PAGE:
To achieve and maintain this state in labor we must release our fears about birth – about pain and loss of control, about medical procedures and interacting with the healthcare system, about complications and what ifs – and we have to let it all go well before labor ever begins. We need to manage our emotions and tension in labor, releasing everything to remain calm and relaxed.

If we commit to the work and stay in the labor flow state, the rewards are pretty amazing. Birth will be calmer and more relaxed. It will move more easily and quickly from one phase to the next. It will be low stress which will allow all of the right hormones to surge and do their job while minimizing the hormones that slow labor down. We will be in a meditative state responding to what’s happening in our body with instinctual movements that move labor along and ease the baby into the world.

Armed with knowledge, a mindset attuned to positivity, and a balanced body, expectant families will navigate the challenges of birth with greater confidence. They will create a birth environment conducive to a more connected and ultimately easier birthing experience.

Frequently Asked Questions
1. What are the most effective exercises to prepare for an easier birth?

The answer to this depends on you and your unique body. Connect with a professional, like a BRM®️ Pro, who can assess your body’s specific needs and provide a targeted movement plan to create balance, mobility, flexibility and strength for birth. We also offer an online prenatal exercise program that is designed to help you learn about your own body’s patterns and address through online exercise classes.

2. Can prenatal yoga really make birth easier?

A good quality prenatal yoga class, taught by a pregnancy and birth aware teacher, can be a great way to prepare for an easier birth. It can provide a combination of mental and physical benefits. Yoga classes typically inspire positive expectation, improve our resilience and encourage relaxation while moving through stretches and poses that will feel good in the pregnant body. Remember, however, that stretching is not an effective approach to easier birth and being more flexible is not the best approach to easier birth. It’s about creating balance and responsiveness in the tissues and nervous system.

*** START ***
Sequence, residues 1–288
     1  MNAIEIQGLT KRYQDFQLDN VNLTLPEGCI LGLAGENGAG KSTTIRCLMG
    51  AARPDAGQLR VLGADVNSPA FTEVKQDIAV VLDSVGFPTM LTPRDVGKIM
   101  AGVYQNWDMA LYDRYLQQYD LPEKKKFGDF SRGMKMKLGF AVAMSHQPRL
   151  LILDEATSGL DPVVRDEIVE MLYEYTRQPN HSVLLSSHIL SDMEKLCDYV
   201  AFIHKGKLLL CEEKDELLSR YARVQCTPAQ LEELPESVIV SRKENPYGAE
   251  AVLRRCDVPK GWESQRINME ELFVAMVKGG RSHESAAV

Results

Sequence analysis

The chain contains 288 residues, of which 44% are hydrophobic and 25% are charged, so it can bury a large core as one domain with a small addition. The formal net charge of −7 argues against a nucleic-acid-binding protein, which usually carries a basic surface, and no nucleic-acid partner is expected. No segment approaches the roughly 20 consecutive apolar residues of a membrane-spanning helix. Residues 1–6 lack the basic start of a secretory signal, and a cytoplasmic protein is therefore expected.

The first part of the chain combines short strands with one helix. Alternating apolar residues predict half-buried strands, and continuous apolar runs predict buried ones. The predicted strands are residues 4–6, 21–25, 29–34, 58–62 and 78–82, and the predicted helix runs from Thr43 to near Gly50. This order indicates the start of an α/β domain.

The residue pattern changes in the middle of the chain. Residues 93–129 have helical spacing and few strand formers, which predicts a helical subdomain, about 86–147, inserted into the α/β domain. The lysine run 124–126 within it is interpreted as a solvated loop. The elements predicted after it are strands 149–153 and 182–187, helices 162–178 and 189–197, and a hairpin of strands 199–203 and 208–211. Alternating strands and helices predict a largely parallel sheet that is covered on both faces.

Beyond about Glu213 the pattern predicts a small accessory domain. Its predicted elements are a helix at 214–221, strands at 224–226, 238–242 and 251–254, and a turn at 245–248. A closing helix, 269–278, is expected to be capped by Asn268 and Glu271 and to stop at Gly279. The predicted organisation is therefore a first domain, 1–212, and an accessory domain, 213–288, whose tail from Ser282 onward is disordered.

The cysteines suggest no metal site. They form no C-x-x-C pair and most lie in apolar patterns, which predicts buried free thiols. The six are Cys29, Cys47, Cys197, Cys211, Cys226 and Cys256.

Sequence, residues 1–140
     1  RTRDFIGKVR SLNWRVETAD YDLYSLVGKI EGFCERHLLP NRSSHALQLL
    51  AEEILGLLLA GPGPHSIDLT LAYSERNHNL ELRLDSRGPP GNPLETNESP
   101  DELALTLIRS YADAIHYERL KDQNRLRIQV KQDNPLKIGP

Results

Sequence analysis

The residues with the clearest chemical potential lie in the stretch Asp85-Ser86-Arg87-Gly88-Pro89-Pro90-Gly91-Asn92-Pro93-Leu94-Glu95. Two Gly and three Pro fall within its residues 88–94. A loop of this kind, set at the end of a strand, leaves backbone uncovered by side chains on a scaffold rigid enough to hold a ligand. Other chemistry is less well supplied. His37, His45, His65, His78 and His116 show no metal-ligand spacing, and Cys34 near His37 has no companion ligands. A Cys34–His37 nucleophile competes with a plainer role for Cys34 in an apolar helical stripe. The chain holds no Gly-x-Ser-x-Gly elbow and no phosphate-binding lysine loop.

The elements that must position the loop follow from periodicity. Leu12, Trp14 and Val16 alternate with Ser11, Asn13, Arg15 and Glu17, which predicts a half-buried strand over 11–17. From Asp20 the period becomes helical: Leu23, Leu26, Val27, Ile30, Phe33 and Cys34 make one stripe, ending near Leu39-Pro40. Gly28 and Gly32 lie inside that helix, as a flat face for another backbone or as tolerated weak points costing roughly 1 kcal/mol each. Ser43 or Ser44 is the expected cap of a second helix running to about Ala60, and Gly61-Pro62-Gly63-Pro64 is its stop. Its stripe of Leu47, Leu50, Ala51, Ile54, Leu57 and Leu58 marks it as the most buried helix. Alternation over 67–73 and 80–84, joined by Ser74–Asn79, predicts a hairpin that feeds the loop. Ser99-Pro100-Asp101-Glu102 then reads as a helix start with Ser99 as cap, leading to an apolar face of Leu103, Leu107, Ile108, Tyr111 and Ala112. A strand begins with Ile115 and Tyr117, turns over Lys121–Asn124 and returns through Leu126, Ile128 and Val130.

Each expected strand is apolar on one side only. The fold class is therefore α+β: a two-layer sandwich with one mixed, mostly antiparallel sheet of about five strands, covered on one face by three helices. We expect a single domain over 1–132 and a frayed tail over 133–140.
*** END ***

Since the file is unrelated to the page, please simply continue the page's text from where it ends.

3. What role does a doula, birth coach or BRM®️ Pro play in making birth easier?

A BRM®️ Pro can assess and guide you through a movement plan that will create balance and yield within the maternal body that will make birthing smoother and easier. A doula, or birth coach will guide you through the birth itself, helping you to find your flow and cope through birth. A doula or birth coach who is also a BRM®️ Pro can provide you with specific muscle softening and space creating positions and movements during labor and birth that will significantly reduce the need for interventions and speed up labor. Find a BRM®️ Pro here!

4. Are there ways to reduce anxiety and fear about giving birth?

There are many ways to reduce anxiety and fear around birthing. That is the process of doing the innerwork. Learn more about labor and birth from experts by taking a class, reading a book or an article. Learn different ways to relax through meditation and breathwork. For those with intense fears and anxiety, connecting with a therapist can be transformative.

5. How does a supportive birthing environment contribute to easier labor?

The environment in which we birth, the specific space and the people who will be in that space, can profoundly impact how easy birth can be. You can not enter into the labor flow state, a state of being where you have intuitive awareness and access to a deep well of hormonal support if you do not feel safe. When we find providers whose values align with our own, when we birth in spaces that are inviting and calm, we will be able to trust in the process, knowing our nurses, midwives and doctors will be cheering us on and actively supporting easier labor.